I made NIgella's Chocolate Guinness Cake at the weekend but it hardly rose in the oven at all. Should there be baking powder in the recipe as well as the bicarbonate of soda? Still a nice cake but I was just disappointed with the size of it!
Nigella's Chocolate Guinness Cake (from Feast) only uses bicarbonate of soda (baking soda) and not baking powder. Bicarbonate of soda is an alkali and needs an acid to react with to create carbon dioxide bubbles. In baking powder the bicarbonate of soda is combined with an acid called cream of tartar and the two react when mixed with liquid.
However in the Chocolate Guinness Cake acidity is provided by the sour cream, and also a little by the Guinness. Therefore only the bicarbonate of soda is needed in the cake batter to make it rise. You should start to see the batter bubbling slightly as soon as it has been mixed as bicarbonate of soda reacts very quickly.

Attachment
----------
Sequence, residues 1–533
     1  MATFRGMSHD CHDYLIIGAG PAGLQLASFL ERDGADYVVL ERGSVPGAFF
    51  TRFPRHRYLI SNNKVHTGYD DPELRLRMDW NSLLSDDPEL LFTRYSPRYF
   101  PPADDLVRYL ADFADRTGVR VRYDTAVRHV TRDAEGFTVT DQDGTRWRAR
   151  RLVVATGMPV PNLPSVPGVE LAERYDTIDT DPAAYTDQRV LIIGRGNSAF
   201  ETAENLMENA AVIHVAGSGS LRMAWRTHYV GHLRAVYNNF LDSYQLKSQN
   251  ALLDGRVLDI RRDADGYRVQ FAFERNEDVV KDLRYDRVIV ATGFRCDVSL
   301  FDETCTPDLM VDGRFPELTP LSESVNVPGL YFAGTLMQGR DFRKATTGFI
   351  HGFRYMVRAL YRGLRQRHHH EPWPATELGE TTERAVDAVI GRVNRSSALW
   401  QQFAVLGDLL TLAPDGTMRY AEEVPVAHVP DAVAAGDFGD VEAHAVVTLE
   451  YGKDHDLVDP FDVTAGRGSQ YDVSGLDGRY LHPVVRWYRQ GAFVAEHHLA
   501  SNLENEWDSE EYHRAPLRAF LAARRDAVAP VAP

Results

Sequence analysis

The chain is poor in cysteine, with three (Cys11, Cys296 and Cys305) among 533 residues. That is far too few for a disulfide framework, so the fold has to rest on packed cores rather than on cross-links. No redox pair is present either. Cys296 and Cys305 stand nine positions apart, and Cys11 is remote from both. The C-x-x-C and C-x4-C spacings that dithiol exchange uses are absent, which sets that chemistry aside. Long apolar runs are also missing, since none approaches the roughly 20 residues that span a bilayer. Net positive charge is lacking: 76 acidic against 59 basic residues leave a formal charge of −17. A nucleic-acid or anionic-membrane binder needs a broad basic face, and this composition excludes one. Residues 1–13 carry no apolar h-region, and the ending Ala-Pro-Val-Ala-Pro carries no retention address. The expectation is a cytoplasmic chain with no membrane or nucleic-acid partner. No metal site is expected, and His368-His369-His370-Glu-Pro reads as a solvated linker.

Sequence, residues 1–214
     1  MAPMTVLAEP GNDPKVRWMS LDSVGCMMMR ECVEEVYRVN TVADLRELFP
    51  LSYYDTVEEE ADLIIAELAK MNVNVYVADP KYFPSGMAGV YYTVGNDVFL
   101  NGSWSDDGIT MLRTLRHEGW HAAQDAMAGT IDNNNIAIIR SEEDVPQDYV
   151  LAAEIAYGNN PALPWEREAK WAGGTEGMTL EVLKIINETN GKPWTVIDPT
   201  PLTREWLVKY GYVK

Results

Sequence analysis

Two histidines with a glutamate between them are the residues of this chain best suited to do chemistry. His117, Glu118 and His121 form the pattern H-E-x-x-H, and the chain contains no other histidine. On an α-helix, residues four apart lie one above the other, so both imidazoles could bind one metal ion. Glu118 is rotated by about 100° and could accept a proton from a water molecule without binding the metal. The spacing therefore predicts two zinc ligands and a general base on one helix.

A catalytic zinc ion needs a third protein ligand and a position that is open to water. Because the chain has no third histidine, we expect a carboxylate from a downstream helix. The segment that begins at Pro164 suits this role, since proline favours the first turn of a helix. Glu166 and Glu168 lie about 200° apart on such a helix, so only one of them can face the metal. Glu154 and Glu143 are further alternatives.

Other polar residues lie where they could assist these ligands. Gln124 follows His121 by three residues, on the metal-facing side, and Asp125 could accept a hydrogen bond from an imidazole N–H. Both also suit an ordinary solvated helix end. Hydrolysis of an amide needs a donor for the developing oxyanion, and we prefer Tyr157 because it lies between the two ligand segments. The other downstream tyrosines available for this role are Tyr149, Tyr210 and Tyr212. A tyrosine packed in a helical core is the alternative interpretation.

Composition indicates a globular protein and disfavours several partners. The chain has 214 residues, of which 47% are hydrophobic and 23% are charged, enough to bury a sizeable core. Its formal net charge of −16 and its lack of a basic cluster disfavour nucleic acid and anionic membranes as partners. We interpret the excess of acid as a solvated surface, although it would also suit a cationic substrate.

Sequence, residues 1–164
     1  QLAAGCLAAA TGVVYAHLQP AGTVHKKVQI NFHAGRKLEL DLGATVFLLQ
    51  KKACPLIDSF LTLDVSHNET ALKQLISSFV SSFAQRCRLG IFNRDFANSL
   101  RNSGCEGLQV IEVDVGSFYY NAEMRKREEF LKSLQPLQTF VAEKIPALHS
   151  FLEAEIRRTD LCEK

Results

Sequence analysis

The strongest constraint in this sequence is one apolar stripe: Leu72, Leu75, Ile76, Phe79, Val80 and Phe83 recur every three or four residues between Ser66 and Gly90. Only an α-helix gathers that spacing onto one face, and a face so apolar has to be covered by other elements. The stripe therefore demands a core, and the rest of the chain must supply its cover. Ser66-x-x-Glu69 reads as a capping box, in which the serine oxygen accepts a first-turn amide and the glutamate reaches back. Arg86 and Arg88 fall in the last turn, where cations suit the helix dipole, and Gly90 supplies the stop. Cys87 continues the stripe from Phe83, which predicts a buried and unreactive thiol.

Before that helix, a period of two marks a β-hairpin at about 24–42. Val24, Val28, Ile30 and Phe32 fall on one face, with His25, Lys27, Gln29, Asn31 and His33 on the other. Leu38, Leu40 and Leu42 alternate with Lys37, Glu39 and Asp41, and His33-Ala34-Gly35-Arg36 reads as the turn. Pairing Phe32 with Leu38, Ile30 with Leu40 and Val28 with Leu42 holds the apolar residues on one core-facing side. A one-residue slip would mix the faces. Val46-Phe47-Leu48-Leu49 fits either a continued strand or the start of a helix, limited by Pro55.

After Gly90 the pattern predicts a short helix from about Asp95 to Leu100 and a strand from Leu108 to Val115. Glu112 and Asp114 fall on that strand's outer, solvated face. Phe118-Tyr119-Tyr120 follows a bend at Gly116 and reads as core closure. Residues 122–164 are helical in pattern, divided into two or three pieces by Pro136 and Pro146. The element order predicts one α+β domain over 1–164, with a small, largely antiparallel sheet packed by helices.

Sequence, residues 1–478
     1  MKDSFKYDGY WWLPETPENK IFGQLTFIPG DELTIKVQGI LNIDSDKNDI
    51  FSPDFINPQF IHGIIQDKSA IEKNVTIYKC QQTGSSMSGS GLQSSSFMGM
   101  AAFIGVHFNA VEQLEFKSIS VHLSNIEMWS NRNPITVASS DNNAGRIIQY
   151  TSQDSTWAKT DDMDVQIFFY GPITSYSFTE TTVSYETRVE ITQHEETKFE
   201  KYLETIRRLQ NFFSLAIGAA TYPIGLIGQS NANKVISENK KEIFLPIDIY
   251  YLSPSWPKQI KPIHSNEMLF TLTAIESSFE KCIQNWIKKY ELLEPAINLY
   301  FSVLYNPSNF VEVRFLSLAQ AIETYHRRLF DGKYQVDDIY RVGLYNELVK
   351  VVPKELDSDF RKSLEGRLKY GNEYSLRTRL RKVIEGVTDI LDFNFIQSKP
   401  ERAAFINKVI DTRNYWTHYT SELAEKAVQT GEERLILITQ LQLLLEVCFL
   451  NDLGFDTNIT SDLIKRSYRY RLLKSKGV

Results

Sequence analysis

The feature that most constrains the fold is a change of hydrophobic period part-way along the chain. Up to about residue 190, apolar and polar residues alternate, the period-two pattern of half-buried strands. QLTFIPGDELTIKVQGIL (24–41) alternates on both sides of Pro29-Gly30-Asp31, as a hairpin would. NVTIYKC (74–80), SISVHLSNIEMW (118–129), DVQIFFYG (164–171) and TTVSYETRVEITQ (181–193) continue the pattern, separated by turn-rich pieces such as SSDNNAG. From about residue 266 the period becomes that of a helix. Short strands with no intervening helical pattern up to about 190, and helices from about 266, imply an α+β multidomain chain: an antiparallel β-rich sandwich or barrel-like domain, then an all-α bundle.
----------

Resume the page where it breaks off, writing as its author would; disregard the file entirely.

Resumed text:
There are a few common reasons for cakes with bicarbonate of soda not rising. The first is a lack of acid but we know that this recipe contains acid ingredients so this would not the cause. The second is that the cake batter may have been left standing too long before baking which means that the bicarbonate of soda has finished creating bubbles by the time it is baked. Make sure that the oven is fully preheated before you mix the cake and put it into the oven as soon as the batter is in the cake pan.
Finally, the bicarbonate of soda may be old or have expired. Although it has a relatively long shelf life, bicarbonate of soda will become less active over time and the packaging usually has a "best before" date on it. If the bicarbonate of soda is older than this date then the cake may not rise. To test your bicarbonate of soda you can put 1/2 teaspoonful into 60ml/1/4 cup/4 tablespoons very hot water that has had 1/4 teaspoon of lemon juice or vinegar added to it. The bicarbonate of soda should fizz up quite vigourously as soon as it is added to this liquid. If it doesn't then you should discard it and buy a new packet.